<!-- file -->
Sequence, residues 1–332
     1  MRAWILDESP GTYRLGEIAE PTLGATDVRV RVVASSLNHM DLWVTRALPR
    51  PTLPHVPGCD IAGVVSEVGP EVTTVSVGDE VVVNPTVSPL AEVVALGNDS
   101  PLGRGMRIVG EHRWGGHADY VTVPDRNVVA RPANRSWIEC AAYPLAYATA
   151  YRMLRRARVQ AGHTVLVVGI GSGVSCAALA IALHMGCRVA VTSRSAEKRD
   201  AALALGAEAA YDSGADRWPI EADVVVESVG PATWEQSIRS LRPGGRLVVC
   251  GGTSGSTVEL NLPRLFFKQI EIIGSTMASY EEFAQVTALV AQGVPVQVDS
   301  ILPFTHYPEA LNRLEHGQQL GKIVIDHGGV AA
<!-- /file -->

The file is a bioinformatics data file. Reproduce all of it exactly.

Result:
Sequence, residues 1–332
     1  MRAWILDESP GTYRLGEIAE PTLGATDVRV RVVASSLNHM DLWVTRALPR
    51  PTLPHVPGCD IAGVVSEVGP EVTTVSVGDE VVVNPTVSPL AEVVALGNDS
   101  PLGRGMRIVG EHRWGGHADY VTVPDRNVVA RPANRSWIEC AAYPLAYATA
   151  YRMLRRARVQ AGHTVLVVGI GSGVSCAALA IALHMGCRVA VTSRSAEKRD
   201  AALALGAEAA YDSGADRWPI EADVVVESVG PATWEQSIRS LRPGGRLVVC
   251  GGTSGSTVEL NLPRLFFKQI EIIGSTMASY EEFAQVTALV AQGVPVQVDS
   301  ILPFTHYPEA LNRLEHGQQL GKIVIDHGGV AA